On the contrary, the nonpotential dynamics may inhibit coarsening for large enough system sizes. We study the influence of nonpotential effects on front motion as well as the formation of defects formed by three-armed spirals. These defects, together with the nonpotential dynamics, are responsible for coarsening inhibition in large systems. When only two amplitudes are excited during the growth process, spiral formation is not possible and coarsening takes place. This growth process, as in the case of one dimension, is self-similar, with a growth law different from that of the potential dynamics limit. The study performed in chapter 3 belongs to the general framework of pattern formation in systems with broken symmetries. In particular, we study the effect of a temporal modulation at three times the critical frequency on a Hopf bifurcation. The system is modeled with a complex Ginzburg-Landau equation with an extra quadratic term, resulting from the strong coupling between the external field and unstable modes. The forcing breaks the phase symmetry, and three stable phase locked states appear above a critical forcing intensity. For large forcings, the excitable regime exhibits the same generic properties of the Busse-Heikes model studied in chapter 2. On the other hand we show, both analytically and numerically, the existence of a transition between one-armed phase spirals and three-armed excitable amplitude spirals when the forcing intensity is increased. Driven nonlinear optical systems offer a wealth of opportunities for the study of pattern formation and other nonequilibrium processes in which the spatial coupling is caused by diffraction instead of diffusion. Only very recently domain growth has been considered in some of these systems and some growth laws obtained from numerical simulations have been reported [9, 22, 23, 24]. Nevertheless, clear mechanisms for the growth laws have often not yet been identified. In addition, the question of dynamical scaling has, in general, not been addressed so far. As a clear example of a nonlinear optical system in which the issues of domain growth and dynamical scaling can be addressed and for which detailed clear results can be obtained, we consider in chapter 4 the formation of transversal structures in a optical cavity filled with a nonlinear kerr medium [25, 26]. In a certain range of parameters, when the cavity is illuminated with a linearly polarized input field, domains of stable polarization states emerge. In this situation of optical bistability, we find three different regimes corresponding to the dynamical evolution of such domains, namely, labyrinthine patterns, formation of localized structures and domain coarsening. For the latter we give evidence of the existence of dynamical scaling, with a growth law similar to that resulting from a curvature driven interface motion. Finally, the main conclusions of the thesis are presented in chapter 5.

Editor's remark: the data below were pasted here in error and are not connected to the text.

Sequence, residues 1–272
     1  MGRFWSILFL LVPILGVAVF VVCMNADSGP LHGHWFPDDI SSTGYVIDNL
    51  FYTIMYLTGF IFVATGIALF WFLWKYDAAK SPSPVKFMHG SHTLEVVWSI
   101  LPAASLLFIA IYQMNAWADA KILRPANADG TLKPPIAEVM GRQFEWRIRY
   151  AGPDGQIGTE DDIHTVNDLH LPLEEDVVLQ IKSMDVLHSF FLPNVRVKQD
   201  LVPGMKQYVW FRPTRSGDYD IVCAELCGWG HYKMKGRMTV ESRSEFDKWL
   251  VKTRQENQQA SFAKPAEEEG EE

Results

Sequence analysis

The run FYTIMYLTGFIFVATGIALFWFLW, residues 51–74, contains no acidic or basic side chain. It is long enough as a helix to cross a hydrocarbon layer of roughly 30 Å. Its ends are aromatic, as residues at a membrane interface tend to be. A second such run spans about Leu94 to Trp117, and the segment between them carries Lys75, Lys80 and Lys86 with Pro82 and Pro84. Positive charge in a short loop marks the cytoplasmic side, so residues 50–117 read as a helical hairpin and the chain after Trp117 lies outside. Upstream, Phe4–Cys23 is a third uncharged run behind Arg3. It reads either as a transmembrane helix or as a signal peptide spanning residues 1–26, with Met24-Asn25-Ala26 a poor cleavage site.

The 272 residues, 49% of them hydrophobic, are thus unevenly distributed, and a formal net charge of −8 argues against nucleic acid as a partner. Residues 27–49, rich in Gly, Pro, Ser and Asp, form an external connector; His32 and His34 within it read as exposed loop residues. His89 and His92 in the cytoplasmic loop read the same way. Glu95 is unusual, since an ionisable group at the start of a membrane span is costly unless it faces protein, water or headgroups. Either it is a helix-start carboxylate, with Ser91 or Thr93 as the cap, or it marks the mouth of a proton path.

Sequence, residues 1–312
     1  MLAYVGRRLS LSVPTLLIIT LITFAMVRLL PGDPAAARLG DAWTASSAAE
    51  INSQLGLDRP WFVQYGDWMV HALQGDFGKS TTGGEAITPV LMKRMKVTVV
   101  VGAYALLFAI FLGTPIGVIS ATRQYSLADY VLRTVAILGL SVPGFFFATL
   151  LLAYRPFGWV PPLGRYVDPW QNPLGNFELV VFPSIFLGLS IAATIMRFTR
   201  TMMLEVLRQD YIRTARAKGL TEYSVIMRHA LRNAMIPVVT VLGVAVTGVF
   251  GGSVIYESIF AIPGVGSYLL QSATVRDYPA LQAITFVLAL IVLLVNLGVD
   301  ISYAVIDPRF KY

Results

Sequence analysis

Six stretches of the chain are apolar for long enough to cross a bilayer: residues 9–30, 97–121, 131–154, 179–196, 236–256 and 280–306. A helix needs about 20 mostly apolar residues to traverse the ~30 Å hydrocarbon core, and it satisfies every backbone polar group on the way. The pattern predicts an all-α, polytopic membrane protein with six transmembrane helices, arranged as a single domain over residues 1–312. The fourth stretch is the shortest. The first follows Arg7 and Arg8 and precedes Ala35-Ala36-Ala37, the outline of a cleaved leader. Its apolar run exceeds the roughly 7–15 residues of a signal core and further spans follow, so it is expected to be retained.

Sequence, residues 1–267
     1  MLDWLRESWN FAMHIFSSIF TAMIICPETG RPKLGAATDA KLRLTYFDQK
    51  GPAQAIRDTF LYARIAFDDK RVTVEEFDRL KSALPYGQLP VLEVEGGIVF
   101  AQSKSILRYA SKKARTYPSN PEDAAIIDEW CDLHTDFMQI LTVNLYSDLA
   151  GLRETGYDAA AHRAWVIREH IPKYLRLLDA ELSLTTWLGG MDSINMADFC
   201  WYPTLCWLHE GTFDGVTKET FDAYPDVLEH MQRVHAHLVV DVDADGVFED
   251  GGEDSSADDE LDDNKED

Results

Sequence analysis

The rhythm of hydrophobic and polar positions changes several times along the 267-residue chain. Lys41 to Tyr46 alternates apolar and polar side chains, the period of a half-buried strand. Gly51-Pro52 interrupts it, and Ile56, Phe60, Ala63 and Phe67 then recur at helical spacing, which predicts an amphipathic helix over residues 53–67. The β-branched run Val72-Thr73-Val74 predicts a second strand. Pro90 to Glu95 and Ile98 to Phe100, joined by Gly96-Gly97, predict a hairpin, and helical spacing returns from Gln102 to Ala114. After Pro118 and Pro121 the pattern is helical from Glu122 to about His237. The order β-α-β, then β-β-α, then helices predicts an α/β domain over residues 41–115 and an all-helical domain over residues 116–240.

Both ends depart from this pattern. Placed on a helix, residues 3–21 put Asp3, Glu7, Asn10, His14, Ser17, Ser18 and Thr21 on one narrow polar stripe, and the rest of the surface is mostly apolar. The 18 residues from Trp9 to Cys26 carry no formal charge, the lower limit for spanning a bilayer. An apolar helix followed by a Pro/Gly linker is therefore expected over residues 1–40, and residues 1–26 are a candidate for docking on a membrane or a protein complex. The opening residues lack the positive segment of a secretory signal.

DescriptionMemoria presentada por Rafael Gallego Amez para optar al Grado de Doctor en Ciencias F´ısicas por la Universitat de les Illes Balears